I think the difference in "flams" are similar to the difference in heel slides, heel shovels, and Shiggidy Bops. Can someone PLEASE make one dictionary of tap terms and implement it throughout the world in every language so that we all know what each other is talking about?! LOL

I figured out why Helen hasn't been in on this yet... TODAY IS HER BIRTHDAY! Woot Woot! Happy Birthday OZ_Helen!

And I have to share my current thought on the pelvis/hip movement initiation. Going off what Glitterfairy said, I can just see a bunch of brand new 7 year old students in tap shoes gyrating their bodies around a dance studio leading with their pelvis like someone tied a rope around their hips and butt and is pulling them forward. LOL Sorry, just had to share my visual with everyone!
re: Loose-Ankle Tap
By oz_helenmember has saluted, click to view salute photosPremium member Comments: 11196, member since Sat Aug 10, 2002
On Fri Feb 15, 2008 09:02 PM
Edited by oz_helen (35388) on 2008-02-15 21:11:26 stuff
The ripple they described is nothing like MY ripples!

Watching the video, they definitely don't propel the movement from the hip only. There is an obvious use of control of knee movement and some fine ankle work evident. There is definitely no "dead weight" here in the better tappers, though in the first example, there were some people with serious timing issues who maybe were having difficulties moving fast enough due to being told they should be imagining the leg as a dead weight.

I have heard of the Al Gilbert syllabus, but having never seen it, I have no idea what it's like, so I can't comment on whether it's a rigid style.

The way I teach is to keep the keep the legs relaxed, but still use mostly the knee and ankle joints. Hips are only used for obviously large stylistic movements. The technique comes first to ensure that the students are hitting the floor with the correct part of the tap and allowing the sound to resonate. Movements are small but clear. Teaching students to propel from the hip could result in too-large movements that would prevent any speed being picked up.

Edit: It's Saturday here now, so my birthday is now over, but yes, Ms Mel, I was taking some family time for my birthday, which is why I was absent for a large part of the thread.

Helen
re: Loose-Ankle Tap
By Ms_Mel Comments: 244, member since Sun Jan 20, 2008
On Fri Feb 15, 2008 09:23 PM
That's what I was thinking when I watched the video, too, that the movements aren't from the hip. I think perhaps this is someone's way of teaching leg movement with hopes that the sounds will all come later? If you watch closely (and have a trained eye for it), there are definitely some missed sounds in some of the steps. I think some of the video is almost like the group Iconic on America's Best Dance Crew- Broadway style trying to go "street". Not to say that Iconic is a bad dance crew, but they aren't naturally "street" dancers. Same deal, I think this loose-ankle tap is a mix of the high-up Broadway style mixed with hoofin'.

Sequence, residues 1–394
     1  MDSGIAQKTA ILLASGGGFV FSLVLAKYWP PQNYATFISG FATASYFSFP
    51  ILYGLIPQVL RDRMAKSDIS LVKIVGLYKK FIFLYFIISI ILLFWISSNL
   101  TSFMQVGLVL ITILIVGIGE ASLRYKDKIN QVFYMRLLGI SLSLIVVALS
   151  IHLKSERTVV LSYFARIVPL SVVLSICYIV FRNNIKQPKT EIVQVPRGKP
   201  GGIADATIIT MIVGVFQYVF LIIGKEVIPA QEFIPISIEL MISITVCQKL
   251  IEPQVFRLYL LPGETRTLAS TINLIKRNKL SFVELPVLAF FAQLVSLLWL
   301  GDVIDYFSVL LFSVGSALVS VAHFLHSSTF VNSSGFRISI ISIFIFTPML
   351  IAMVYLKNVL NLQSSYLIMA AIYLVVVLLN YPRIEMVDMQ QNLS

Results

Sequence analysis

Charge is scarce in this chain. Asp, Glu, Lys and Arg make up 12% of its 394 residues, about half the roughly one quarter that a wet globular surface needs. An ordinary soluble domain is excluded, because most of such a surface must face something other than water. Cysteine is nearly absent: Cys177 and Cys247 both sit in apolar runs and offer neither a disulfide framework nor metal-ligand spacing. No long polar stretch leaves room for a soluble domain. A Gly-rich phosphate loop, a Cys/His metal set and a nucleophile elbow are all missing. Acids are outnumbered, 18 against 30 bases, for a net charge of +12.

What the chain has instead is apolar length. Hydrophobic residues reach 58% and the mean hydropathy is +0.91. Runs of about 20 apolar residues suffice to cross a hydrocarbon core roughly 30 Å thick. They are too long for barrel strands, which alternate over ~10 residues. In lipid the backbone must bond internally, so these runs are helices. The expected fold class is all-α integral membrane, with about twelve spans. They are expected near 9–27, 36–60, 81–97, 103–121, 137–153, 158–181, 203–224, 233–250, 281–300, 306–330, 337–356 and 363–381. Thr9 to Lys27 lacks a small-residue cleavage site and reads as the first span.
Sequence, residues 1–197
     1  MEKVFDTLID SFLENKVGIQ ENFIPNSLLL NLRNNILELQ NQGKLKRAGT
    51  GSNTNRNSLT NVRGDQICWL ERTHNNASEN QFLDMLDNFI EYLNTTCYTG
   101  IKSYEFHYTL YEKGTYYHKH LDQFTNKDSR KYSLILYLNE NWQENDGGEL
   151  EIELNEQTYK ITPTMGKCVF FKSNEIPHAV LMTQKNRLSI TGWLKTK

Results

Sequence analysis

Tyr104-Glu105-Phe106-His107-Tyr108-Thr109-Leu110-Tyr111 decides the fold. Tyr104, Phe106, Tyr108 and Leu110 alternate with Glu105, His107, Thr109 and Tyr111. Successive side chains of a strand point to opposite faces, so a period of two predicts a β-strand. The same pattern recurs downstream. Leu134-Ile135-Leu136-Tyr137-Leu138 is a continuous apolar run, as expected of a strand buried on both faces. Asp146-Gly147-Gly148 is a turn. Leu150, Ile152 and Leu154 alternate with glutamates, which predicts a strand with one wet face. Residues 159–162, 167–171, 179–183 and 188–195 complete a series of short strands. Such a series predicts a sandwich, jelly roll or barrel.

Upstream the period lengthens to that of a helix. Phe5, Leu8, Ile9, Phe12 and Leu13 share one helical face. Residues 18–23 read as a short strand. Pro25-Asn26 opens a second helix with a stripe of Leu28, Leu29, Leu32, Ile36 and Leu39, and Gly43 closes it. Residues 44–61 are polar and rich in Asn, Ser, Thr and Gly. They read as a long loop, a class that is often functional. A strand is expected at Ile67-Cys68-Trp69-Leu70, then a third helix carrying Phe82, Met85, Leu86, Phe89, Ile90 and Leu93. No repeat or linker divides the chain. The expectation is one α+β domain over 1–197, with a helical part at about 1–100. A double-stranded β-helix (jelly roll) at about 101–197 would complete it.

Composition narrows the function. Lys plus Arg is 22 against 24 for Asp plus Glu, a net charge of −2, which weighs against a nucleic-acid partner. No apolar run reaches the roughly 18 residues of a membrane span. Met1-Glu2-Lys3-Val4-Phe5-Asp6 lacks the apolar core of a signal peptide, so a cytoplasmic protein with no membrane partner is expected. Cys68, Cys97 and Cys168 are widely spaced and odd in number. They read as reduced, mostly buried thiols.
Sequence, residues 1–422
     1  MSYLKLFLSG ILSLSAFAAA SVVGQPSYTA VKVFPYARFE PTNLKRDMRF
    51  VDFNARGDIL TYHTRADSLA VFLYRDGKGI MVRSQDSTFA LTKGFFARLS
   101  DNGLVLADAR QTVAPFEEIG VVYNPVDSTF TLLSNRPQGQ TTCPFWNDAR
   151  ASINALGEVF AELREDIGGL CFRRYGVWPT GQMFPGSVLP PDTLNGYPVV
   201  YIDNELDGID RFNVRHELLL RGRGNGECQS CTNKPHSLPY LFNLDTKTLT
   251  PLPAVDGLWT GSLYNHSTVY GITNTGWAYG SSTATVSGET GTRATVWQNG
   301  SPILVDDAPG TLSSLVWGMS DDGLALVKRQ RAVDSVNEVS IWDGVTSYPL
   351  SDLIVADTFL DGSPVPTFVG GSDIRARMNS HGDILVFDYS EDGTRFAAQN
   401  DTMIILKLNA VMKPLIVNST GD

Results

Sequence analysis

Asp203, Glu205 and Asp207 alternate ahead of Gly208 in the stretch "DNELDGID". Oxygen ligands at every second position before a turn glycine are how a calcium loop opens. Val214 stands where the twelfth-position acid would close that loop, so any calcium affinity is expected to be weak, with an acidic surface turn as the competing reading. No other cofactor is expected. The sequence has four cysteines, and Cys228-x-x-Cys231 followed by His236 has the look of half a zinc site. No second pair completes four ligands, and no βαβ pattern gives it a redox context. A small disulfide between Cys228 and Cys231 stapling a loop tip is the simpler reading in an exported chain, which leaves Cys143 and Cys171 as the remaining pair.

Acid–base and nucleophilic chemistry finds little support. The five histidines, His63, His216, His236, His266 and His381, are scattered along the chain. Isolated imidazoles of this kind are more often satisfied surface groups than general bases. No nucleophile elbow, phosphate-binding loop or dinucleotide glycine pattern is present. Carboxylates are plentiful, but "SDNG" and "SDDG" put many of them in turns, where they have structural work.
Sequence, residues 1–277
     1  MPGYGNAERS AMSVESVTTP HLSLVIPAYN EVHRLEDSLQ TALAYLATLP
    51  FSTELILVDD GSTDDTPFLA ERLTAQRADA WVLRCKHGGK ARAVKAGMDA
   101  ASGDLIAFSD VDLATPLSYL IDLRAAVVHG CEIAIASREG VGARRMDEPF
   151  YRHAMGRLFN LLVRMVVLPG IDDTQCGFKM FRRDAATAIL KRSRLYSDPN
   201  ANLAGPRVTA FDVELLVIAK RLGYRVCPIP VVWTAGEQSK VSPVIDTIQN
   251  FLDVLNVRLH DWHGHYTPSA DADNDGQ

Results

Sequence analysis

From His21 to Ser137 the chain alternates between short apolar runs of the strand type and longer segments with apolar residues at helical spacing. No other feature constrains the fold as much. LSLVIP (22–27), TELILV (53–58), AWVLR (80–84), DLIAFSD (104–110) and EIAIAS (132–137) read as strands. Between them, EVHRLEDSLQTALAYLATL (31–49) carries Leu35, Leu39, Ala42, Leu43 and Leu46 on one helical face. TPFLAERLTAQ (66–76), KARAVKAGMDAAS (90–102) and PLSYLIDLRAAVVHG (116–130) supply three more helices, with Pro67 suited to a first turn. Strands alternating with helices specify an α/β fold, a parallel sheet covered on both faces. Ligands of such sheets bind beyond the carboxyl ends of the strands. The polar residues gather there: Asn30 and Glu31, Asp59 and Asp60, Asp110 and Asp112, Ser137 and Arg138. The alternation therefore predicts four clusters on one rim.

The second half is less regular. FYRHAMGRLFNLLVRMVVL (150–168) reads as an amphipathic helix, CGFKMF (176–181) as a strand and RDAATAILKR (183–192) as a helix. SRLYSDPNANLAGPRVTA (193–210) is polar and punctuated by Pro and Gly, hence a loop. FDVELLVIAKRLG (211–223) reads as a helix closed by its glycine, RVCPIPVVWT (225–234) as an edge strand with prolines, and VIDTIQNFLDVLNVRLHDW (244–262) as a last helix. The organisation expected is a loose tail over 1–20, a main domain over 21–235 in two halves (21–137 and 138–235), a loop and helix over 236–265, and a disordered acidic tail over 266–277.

(As a side note, it's not tap, but if you go on You Tube or MTV's main US site and look for Iconic's performances from the first few weeks and compare to Kaba Modern. HUGE difference.)

I didn't think that's what you described to me as Ripples, Helen. That's why I called on you to tell what Ripples are in your syllabus. :D
re: Loose-Ankle Tap
By glitterfairyPremium member Comments: 12135, member since Tue Oct 01, 2002
On Fri Feb 15, 2008 11:00 PM
Happy Belated Birthday Helen!

Glad to see I wasn't the only one to notice the timing issues in the video - although the (backrow?) guys seemed to catch up and that made me question my sanity for a moment.

One of my teachers encourages a real 'lightness' in the knees and ankles, and often gets students to tap sitting on the edge of a chair to get a feel for how 'weightless' and loose it should be.

I think any dance philosophy that remotely sounds like "Do this, and ___ will come later" is stupidity. Nothing good can ever come of a bad foundation unless there's retraining involved.
re: Loose-Ankle Tap
By tappingangel Comments: 908, member since Sun Apr 27, 2003
On Sat Feb 16, 2008 03:54 AM
...Oh man.


I remember reading this article at work (I currently work in a dance store in ventura, ca) and wondering what the *&^% it was!!!!

point one: ALL TAP REQUIRES LOOSE ANKLES. am I wrong?????

point two: DEAD WEIGHT?!?!?!?! like glitterfairy already pointed out: stupidity=no more writing dance articles.



This completely frustrated me. I haven't picked up a dance spirit magazing since.

I've done flams. Definition of a flam: two sounds on one beat. Basically, its like a "tapTAP"...don on the same beat. Not one of the "& one" counts, but just the "&" count..for example.

It's much easier to show than explain. I think mike minnery has a video about it, if i remember right??? Ill have to check my dvds later and let yall know exactly which one discussed it for me.


Also, as far as a ripple goes...I, personally, have taken a class where the "shuffle" was referred to as a "ripple." The lady teaching had her dance training a long time ago (I think she was about 80?). Just goes to show that whole, "terminology changes in each place" theory.






I vote we all write letters to dance spirit about how icky this article is. any "I second that motion"s????? haha.